Why haven't Coldwater species have been popularized yet?

warmouth

Jack Dempsey
MFK Member
Jul 19, 2008
1,934
4
36
missouri
I have always loved Blue Gills/ Sun Fish but my understanding was they are REALLY aggressive and cannot be kept with other fish ..

I would love to have several sunfish in a tank if i believed it was possible
Its possible if you have the right sized tank, structure, dithers and sex ratios for your sunfish. Certain species are fairly docile while some species are downright belligerant.
 

warmouth

Jack Dempsey
MFK Member
Jul 19, 2008
1,934
4
36
missouri
timetraveler/Brian, I agree there are some really beautifull species of North American native fish, I wish there were more sold at LFS's but due to many laws in some areas the only way you can get them is to buy them online at one of the native LFS's online like Jonahs aquarium at http://jonahsaquarium.com/JonahSite/fishlist.htm, Zimmermans fish at http://www.zimmermansfish.com/Price.html, Sachs aquaculture at http://www.aquaculturestore.com/Fresh-Water-Vertebrates/, Smith Creek farms at http://smithcreekfishfarm.com/live-aquarium-fish.cfm, and Btdarters at http://www.btdarters.com/content/pages/catalogs/fish/catalogs_fish.htm.
 

chrissfishes

Jack Dempsey
MFK Member
Jan 15, 2010
32
3
38
Metamora, IL

The Masked Shadow

Redtail Catfish
MFK Member
Jul 19, 2020
3,835
3,721
154
Southern California (San Diego)
Only if they didn't cost as much would I get them
 

Moontanman

Polypterus
MFK Member
Mar 6, 2008
1,182
110
96
66
Cape Fear, NC
blogs.scienceforums.net
I mean seriously, there are so many beautiful, and in some cases, exotic looking fish that sometimes are more intriguing than tropical fish(grunt sculpins, and hillstream loaches). I was in Georgia and Tennessee area and I collected some of the most prettiest cyprinids that I have ever seen. What has halted the vast majority of collecting any type of coldwater species? Is there a day that a Florida Boy like me will ever be able to see a larger collection of coldwater shiners in my lfs, or is that only a dream that will never come true?
I too at one time thought that if everyone could just see the beauty in Native fishes they would be instantly popular, here in the Southeastern US a great many aquarium plants were collected from the wild in the "good old days". Plants like banana plants, cape fear spatterdock, vallisneria, elodea, and many more all originated in the wilds of the US southeast. I have bred fish like black banded sunfish, blue spotted sunfish, redfin pickerel to name a few. A great many species of North American native fish from Dace to shiners, silversides, darters, pygmy sunfish, some gamefish, and many oddballs like sirens, mudpuppies, even a small species of sturgeon. This list is by no means complete and more than enough species of colorful of odd fish exist here to almost make tropical fish unnecessary. many of them do well at tropical temps, only needing a seasonal cool down to breed.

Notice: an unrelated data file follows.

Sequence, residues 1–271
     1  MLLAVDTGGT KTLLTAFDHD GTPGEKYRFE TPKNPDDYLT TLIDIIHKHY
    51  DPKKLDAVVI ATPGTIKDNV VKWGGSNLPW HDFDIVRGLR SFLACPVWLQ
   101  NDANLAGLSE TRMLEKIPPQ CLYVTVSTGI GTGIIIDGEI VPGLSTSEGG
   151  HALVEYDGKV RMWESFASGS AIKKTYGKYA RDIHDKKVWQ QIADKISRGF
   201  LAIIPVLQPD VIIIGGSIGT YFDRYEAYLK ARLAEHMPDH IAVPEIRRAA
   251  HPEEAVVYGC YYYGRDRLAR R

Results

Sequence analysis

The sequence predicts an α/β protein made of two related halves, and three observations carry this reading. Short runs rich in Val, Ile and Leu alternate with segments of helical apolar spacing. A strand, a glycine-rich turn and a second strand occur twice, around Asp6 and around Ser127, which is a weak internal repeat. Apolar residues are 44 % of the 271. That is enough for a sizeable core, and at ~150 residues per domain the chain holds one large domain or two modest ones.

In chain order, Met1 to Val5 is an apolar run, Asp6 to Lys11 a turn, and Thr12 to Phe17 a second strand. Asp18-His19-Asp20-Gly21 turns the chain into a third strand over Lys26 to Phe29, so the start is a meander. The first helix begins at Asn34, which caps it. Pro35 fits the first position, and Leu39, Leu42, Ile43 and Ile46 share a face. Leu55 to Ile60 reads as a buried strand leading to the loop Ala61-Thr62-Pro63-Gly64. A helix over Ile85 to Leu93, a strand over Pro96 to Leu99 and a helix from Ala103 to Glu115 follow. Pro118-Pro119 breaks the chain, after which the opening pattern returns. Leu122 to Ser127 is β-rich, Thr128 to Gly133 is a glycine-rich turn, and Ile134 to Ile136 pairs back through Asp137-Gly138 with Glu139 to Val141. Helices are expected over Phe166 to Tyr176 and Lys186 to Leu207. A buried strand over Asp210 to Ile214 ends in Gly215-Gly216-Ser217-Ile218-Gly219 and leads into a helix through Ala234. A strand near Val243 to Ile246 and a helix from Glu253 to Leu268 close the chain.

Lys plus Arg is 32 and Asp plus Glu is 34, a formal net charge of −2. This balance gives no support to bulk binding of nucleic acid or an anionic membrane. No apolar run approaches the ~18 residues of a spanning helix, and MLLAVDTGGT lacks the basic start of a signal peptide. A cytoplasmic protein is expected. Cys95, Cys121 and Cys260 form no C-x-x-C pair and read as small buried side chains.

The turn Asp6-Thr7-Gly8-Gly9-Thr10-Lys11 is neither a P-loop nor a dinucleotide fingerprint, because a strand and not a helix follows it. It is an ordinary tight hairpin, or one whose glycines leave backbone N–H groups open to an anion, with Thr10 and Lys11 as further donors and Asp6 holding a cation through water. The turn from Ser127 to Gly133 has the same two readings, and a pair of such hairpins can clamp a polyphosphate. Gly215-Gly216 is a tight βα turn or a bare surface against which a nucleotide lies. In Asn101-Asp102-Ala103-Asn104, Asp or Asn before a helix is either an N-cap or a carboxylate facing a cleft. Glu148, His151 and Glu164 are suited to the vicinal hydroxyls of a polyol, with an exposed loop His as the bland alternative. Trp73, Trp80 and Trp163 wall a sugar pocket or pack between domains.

The truth of it is that many state and federal laws discourage the keeping of natives if not outlawing them completely but the reason we seldom see natives in pet stores is that the tropical fish trade actively discourages the keeping of natives for no other reason that they don't want us to keep anything we could potentially go out and catch for free. Promoting tropicals and discouraging natives is simply good business. I have been keeping natives and tropical together for 60 years or more, going out and catching your own aquarium fish is very satisfying and a fun way to experience the out of doors.

Breeding natives can be done with varying amounts of ease and the breeding habits of native run the gauntlet of behaviors from live bearers to fish that take care of their young in various ways. For anyone who is interested the North American Native Fishes Association is a great place to start to obtain knowledge and skills to catch, keep, and even breed native fishes.
 
  • Like
Reactions: Itsadeepbluesea

Itsadeepbluesea

Goliath Tigerfish
MFK Member
Apr 6, 2008
2,800
1,058
179
37